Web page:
Page 1099 - Week 04 - Wednesday, 16 March 2005

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this resolution put forward in the Assembly because I do not think it supports good motives, and I do not think it is a message that promotes unity between employer and employee.

MR DEPUTY SPEAKER: The member’s time has expired.

DR FOSKEY (Molonglo) (4.37): Mr Deputy Speaker, ACT Green policies recognise the importance of workers being in a position to balance personal responsibilities with their working life. We call for equal pay for equal work, family and community-friendly work practices, portable worker entitlements and flexible working hours. Some years ago, the French Greens joined the Socialist Party in France to mandate the 35-hour week to create better work/life balance and create more jobs. While this was unpopular prior to its introduction, with many, particularly employers, calling that the sky would fall in, it was actually found to be a very popular measure and one that advantaged employers and employees alike.

We recognise that the work performed as part of the paid workforce is but one component of a person’s life. This is something that employers sometimes forget. We know that many other factors play a part in determining whether a person has a good life. For most people, the good life includes satisfying relationships with friends and family, recreational activities, paid employment and community service activities. At certain periods of their life, it will also include significant caring roles in relation to children, parents, partners, relatives or friends. It is vital for the health and wellbeing of individuals in our community that people are able to pay due attention to all these areas of their life, not simply their employment responsibilities.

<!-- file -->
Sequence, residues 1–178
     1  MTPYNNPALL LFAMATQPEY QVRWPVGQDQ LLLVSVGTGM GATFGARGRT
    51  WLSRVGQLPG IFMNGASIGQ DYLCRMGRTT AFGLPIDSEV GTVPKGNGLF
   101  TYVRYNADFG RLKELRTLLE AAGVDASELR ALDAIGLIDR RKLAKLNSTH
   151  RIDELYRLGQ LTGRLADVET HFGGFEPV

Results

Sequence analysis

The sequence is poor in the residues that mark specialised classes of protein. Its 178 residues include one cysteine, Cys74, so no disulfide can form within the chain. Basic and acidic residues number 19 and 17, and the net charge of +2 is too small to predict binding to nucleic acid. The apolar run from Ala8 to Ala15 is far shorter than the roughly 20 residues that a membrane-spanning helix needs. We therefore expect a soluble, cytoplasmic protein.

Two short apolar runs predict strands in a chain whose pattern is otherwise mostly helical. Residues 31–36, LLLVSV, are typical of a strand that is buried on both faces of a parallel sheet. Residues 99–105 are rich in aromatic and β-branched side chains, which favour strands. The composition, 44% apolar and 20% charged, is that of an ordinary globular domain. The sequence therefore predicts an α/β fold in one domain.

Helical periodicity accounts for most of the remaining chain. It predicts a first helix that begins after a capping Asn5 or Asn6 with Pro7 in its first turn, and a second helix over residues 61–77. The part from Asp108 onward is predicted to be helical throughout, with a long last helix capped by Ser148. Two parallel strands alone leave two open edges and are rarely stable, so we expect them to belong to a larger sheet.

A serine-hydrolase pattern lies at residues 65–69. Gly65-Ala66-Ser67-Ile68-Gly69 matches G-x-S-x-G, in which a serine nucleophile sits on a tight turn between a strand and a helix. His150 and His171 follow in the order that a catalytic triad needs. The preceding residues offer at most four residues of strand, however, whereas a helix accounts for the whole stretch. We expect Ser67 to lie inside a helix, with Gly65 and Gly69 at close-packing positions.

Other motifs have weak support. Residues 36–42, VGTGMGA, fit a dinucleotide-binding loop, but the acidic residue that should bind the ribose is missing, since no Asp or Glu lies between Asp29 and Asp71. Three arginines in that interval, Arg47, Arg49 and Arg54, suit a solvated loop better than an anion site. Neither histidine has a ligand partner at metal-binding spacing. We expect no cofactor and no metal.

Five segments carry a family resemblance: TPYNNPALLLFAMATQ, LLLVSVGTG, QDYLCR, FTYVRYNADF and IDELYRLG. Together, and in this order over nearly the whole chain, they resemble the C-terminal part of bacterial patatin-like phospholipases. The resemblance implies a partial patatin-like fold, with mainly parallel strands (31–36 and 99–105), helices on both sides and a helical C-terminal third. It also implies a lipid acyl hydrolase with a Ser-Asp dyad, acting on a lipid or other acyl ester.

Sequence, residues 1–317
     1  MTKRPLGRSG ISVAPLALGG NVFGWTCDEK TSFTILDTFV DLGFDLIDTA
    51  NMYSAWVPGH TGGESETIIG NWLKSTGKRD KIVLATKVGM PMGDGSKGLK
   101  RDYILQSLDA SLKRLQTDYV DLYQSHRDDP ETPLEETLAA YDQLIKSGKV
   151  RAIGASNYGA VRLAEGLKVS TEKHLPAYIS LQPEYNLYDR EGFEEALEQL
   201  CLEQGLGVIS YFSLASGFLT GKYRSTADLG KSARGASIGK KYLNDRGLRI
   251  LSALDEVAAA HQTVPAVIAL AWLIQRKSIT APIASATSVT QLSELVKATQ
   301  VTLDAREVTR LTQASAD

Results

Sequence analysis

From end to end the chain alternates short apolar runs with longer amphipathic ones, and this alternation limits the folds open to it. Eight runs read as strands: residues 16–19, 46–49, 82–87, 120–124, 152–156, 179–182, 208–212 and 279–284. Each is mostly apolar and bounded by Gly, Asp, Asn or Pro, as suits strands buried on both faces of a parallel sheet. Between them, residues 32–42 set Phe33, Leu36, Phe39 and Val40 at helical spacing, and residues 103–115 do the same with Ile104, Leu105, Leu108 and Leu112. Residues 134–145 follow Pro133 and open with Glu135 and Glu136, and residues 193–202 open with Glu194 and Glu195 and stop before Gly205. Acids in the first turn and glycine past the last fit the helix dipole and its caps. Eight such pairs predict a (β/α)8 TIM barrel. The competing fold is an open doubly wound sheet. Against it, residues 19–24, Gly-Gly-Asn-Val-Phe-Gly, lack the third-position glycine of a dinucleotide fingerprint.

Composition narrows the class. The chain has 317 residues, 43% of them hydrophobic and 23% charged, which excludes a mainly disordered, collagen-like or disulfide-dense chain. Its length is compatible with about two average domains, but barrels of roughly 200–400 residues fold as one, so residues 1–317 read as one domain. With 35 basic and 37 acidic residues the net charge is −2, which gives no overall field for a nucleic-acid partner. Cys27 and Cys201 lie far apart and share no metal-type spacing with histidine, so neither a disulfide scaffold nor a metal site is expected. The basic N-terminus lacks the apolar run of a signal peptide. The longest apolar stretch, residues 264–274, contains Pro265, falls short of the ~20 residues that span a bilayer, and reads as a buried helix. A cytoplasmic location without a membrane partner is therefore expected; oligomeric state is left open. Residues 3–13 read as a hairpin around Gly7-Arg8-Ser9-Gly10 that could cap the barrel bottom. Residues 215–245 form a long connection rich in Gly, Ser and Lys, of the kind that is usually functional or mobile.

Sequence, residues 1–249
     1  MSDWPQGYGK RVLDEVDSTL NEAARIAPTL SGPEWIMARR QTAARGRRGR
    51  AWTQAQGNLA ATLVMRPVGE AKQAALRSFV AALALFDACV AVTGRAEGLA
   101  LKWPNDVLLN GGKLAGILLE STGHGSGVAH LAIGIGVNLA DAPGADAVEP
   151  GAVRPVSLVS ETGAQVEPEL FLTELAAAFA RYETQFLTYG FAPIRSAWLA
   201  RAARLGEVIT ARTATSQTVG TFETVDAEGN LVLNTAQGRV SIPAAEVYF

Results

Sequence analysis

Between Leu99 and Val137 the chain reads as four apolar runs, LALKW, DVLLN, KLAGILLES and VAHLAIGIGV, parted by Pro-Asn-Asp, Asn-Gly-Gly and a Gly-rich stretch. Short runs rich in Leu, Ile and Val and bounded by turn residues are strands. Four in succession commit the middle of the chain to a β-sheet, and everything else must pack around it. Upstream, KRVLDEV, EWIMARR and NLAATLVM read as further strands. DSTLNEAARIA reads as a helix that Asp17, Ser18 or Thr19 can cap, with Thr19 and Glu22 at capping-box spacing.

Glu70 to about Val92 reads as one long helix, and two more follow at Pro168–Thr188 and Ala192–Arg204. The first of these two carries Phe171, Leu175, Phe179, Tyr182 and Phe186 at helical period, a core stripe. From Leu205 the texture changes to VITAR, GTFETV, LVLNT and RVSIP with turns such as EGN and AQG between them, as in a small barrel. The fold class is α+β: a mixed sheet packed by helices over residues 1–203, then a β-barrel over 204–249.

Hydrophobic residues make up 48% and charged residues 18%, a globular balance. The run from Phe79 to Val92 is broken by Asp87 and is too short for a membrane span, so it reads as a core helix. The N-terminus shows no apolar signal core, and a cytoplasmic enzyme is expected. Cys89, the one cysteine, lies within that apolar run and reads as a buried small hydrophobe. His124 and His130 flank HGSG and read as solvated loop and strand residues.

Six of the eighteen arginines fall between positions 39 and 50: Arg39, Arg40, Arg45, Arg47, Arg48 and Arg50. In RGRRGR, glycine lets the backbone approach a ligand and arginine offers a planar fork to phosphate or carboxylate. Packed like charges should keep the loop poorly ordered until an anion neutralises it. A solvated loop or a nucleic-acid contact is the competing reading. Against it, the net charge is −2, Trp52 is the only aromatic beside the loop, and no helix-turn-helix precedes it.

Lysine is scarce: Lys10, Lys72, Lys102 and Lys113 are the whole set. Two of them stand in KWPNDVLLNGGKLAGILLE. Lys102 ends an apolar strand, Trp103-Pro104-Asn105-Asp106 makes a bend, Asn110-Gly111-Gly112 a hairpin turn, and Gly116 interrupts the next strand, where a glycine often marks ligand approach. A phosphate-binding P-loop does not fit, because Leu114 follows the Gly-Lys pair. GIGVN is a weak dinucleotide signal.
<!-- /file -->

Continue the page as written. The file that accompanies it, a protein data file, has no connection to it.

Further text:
It will enable better sharing of household tasks if neither partner in a relationship can claim to be too busy due to work demands. It will be better for children if parents have flexible enough hours to stay home when children are ill and worn out, rather than inflicting those children on the school and childcare to deal with.

Earlier in the life of this Assembly, I supported the changing of our hours of operation to allow for other responsibilities to be managed. It is important the Assembly not only pay lip service to recognition of work-life balance but also model and encourage working arrangements that support this practice.

I want to refer to an article that appeared in the Sydney Morning Herald yesterday. It is interesting and relevant to this topic. The report refers to a study by Access Economics and makes these points:

The working day could be redrawn so that all vital business happens between 10am and 3pm to reflect workers’ demanding lifestyles … And childcare could be tax deductible and workers could draw on their superannuation to fund parental leave.

I am not saying I espouse these things; I am just referring to the kinds of flexibilities that there are. The report continues:

Having core business hours between 10am and 3pm would allow people to work from 7am to 3pm or 10am to 7pm, in accordance with their family needs, such as dropping children off at school and picking them up.

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